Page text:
The first thing I want us to look at is the issue of security. Starting from the Northern boundary of the state will be to do resettlement patterns, cluster settlements. This is because as it is today, you will find out that the attacks that are coming are not organised in a way that you will know. They (armed herdsmen) go to small villages, small compounds and get a family killed. We need to encourage new settlement patterns because we need to open up our land in a way that agriculture will be done at a mechanised level. So, we are opening up kilometres of land from December to April every year; that’s what we will be doing. As you resettle people, you free the land; you are opening up land for the communities and you want them to enhance their productivity by having bigger areas that tractors can come in and work. I have combined these because security cannot stand alone; if communities resettle and you have spaces, trees are removed, lands are prepared and they are going to farm, then they are going to be protected as such. I hold the view that it is not grazing that is the issue; it is the issue of taking our land. It didn’t start in Benue; most lands have been taken. So, I know that it’s not a thing that will go away suddenly; micro-defence systems will be created, just like we have Community Volunteer Guards now.

In my opinion, communities must have their own security; every community should have a volunteer guard because they are people in the communities; that is why it is voluntary and they will be encouraged to have local defence systems. That way, the conventional security system will be assisted because the conventional security system cannot be trusted to be everywhere, even if they want to be. So, the local communities are the first line of defence before reinforcement comes. The second part is that there has to be early warning systems. For instance, if you have the capacity to detect movement 20 miles away, you can prepare. That’s why three months ago, I had to go for a meeting in Ghana with some of my Israeli friends; we are working on this firstly, for the purpose of agriculture because that’s what we are known for, but the main issue will be defence; heat seeking drones will be deployed and if you have an open area, you will be able to detect movement and you have facilities where people are sitting down and are monitoring on the computer system. There are some that cover about six kilometers and it will detect any movement within six kilometers and with a GPS, it can tell you that this person or animal is three kilometers away. Then you have detectors, some of them are fixed, some of them are mobile so you are able to detect movement both day and night. So, we are working on systems that will give us early warning arrangements and early warning signs.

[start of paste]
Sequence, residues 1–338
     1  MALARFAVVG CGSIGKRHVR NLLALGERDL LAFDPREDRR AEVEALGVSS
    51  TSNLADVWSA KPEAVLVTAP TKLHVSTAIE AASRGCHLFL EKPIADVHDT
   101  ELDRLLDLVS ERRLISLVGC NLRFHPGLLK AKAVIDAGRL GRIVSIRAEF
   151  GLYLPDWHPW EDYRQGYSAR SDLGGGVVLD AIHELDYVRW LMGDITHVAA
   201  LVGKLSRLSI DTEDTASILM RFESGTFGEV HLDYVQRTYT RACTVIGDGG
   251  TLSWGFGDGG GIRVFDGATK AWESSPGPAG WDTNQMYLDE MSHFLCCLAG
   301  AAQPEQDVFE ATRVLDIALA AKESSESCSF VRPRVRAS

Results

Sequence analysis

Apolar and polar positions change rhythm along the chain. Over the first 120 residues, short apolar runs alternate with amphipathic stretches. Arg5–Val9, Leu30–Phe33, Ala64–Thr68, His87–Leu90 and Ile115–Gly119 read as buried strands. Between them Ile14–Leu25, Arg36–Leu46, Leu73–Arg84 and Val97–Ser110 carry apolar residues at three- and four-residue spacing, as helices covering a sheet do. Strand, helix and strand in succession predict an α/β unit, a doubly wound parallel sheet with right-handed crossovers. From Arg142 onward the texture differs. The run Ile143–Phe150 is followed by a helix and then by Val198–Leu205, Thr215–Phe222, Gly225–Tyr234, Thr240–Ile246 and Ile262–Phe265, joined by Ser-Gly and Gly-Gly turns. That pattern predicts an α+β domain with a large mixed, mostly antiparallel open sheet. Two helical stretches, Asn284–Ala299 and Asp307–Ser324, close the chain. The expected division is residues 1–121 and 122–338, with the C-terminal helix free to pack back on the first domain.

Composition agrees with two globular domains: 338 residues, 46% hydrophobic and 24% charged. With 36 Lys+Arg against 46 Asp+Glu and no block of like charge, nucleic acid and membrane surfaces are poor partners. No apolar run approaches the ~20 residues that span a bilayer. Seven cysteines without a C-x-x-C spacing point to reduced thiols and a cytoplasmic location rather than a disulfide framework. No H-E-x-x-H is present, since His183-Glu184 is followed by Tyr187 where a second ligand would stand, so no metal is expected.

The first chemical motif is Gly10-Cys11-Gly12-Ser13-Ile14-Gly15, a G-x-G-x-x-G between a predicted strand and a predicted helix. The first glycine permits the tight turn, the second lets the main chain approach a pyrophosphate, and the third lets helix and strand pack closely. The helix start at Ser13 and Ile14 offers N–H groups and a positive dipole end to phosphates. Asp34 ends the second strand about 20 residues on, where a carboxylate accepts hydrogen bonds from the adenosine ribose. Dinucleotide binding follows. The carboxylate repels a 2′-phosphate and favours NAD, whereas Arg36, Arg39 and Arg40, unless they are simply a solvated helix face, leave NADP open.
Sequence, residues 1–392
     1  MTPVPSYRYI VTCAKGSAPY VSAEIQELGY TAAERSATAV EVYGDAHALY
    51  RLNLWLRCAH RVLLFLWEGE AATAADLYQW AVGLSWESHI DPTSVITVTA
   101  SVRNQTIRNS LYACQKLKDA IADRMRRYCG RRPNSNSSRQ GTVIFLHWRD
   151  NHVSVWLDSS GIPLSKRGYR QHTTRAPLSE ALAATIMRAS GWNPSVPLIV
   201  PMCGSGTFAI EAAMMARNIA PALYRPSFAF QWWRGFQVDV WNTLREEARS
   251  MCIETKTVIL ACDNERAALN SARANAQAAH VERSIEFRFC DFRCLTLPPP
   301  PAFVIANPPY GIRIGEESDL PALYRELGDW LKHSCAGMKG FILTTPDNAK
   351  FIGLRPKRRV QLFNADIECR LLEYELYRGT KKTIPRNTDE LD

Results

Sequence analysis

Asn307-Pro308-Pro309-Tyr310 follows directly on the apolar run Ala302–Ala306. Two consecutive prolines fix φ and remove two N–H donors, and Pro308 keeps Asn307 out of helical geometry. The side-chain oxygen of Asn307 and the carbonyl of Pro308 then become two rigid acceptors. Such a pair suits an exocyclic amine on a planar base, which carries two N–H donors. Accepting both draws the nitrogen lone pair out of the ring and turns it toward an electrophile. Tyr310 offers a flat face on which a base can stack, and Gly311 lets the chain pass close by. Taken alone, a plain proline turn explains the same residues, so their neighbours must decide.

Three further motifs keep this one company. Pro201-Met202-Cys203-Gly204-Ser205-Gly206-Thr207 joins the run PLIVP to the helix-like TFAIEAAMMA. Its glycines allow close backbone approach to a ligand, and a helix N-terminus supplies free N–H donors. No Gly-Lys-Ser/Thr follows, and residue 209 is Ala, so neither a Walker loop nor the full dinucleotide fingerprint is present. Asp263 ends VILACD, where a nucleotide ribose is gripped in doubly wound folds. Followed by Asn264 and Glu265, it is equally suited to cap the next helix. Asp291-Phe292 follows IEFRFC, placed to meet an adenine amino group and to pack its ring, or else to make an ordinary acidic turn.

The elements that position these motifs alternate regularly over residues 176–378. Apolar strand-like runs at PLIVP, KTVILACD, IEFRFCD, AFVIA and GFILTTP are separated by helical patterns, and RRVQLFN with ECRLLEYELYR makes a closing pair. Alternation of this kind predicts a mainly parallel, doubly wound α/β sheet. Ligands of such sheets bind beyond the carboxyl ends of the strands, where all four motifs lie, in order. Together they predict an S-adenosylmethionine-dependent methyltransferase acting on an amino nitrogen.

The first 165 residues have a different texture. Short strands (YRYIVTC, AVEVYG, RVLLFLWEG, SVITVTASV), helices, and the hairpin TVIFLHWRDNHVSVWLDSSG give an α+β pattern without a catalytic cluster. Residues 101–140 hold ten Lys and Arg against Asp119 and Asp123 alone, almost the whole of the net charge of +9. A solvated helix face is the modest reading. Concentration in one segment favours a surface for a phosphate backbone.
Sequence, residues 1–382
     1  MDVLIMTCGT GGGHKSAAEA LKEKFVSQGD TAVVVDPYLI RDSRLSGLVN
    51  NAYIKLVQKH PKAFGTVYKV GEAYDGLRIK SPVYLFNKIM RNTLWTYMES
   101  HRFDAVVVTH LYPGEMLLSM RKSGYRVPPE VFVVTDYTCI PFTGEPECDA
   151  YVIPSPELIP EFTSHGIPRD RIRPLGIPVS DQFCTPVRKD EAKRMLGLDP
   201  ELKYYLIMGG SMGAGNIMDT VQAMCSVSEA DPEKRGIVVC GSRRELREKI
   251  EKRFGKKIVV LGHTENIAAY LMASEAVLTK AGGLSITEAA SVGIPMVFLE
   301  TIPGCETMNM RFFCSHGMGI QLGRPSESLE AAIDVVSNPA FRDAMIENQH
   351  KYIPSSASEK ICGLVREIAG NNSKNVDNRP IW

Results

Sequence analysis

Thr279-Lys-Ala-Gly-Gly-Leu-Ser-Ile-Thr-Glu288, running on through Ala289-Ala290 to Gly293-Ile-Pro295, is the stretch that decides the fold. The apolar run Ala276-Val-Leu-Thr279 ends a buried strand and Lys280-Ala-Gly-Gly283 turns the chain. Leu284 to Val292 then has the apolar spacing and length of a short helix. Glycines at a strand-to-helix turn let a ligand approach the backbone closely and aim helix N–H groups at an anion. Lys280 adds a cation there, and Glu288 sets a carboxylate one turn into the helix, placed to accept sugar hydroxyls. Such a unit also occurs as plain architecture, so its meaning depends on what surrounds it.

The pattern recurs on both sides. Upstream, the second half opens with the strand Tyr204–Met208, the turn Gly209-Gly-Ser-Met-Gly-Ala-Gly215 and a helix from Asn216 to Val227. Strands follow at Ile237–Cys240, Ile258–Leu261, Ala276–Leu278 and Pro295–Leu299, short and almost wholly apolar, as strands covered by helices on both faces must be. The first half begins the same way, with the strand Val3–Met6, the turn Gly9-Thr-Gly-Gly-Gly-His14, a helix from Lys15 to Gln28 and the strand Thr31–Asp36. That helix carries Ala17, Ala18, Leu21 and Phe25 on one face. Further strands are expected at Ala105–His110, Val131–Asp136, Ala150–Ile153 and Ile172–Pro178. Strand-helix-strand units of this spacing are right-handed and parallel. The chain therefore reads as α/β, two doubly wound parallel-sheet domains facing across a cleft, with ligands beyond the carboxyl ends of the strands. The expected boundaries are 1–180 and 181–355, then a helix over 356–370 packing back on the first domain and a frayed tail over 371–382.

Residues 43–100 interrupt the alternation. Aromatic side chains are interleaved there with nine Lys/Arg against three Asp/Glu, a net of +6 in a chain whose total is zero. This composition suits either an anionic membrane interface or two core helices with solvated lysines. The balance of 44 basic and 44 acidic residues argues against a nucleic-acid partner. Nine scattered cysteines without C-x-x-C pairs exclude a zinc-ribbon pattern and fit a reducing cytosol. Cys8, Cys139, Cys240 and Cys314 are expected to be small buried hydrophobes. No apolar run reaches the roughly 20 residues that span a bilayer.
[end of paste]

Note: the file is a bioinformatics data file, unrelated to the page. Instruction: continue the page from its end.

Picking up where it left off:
What plans have you to return the over 1.5 million IDPs to their homes and invariably, their farms?

Nobody wants to live in the IDPs camps. So, if you move them to organised settings that are planned and protected, that is a way to solve the IDPs problem. You must first of all decide where they will go to, design it, do layouts and allocate to people, help families to move even if it’s in tents.